Fermented foods boost gut microbiome diversity and reduce inflammation

Fermented foods boost gut microbiome diversity and reduce inflammation

A diet rich in fermented foods can increase the diversity of gut microbes and decrease molecular signs of inflammation, according to a new study led by researchers at the Stanford School of Medicine, U.S..

In the study, 36 healthy adults were randomly assigned to a 10-week diet that included fermented or high-fiber foods. The two diets resulted in different effects on the gut microbiome and the immune system.

Overall microbial diversity was increased by eating yogurt, kefir, fermented cottage cheese, kimchi and other fermented vegetables, vegetable brine beverages and kombucha tea, with larger servings having a more substantial effect.

In addition, four types of immune cells in the fermented food group were less activated. Moreover, the levels of 19 inflammatory proteins evaluated in blood samples decreased. Interleukin 6, one of these proteins, has been linked to rheumatoid arthritis, Type 2 diabetes, and chronic stress. Overall microbial diversity in participants increased by eating fermented foods.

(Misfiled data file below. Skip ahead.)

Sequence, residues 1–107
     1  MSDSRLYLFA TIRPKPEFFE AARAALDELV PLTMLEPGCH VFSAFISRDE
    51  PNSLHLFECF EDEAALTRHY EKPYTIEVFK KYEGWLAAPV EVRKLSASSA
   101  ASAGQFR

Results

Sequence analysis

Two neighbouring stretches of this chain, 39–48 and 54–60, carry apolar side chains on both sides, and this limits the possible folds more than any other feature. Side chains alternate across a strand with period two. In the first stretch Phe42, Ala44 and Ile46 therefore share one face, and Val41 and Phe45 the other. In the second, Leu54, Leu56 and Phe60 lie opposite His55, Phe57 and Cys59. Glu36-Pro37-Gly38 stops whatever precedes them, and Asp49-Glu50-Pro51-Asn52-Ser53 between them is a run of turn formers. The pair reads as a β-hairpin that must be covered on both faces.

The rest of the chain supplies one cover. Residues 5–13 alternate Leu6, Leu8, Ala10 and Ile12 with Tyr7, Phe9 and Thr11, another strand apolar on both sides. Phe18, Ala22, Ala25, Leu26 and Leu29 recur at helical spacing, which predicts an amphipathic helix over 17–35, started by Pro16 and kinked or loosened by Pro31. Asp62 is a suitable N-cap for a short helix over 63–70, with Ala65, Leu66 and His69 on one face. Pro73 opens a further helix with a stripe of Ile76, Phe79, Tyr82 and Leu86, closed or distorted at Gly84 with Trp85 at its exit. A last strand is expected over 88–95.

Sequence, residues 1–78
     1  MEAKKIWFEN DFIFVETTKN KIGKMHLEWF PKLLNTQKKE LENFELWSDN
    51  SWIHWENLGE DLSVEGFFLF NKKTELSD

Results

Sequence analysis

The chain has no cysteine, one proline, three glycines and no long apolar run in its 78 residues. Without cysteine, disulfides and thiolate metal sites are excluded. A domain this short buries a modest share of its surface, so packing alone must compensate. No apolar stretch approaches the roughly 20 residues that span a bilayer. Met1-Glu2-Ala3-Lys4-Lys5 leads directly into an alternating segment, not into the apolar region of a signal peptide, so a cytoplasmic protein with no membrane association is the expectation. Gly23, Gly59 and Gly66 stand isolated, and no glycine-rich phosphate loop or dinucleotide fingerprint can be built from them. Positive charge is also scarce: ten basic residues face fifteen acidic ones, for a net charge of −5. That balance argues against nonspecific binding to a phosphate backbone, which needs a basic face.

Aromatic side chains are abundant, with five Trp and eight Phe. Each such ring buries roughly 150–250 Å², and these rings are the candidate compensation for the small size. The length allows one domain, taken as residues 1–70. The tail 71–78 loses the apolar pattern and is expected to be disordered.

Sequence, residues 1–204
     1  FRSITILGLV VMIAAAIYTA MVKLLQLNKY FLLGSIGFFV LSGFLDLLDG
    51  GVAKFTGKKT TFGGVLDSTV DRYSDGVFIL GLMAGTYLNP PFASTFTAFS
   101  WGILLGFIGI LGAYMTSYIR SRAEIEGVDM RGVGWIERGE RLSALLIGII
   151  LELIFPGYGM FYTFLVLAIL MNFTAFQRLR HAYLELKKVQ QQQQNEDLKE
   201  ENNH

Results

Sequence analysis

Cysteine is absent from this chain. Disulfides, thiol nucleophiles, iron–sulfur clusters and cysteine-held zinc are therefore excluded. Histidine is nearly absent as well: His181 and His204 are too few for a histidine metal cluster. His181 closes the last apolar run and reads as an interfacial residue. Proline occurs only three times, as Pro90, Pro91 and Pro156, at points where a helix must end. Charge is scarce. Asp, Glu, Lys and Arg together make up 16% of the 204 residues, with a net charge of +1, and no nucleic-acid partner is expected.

In participants who ate a high-fiber diet rich in legumes, seeds, whole grains, nuts, vegetables and fruits, none of the 19 inflammatory proteins decreased. On average, the diversity of their gut microbes remained stable.

Diet affects the gut microbiome, which can alter the immune system and overall health. Obesity and diabetes have been linked to a lack of microbiome diversity.

Fermented foods can aid with weight management and reduce the risk of diabetes, cancer and cardiovascular disease, Nutrition Insight reported.

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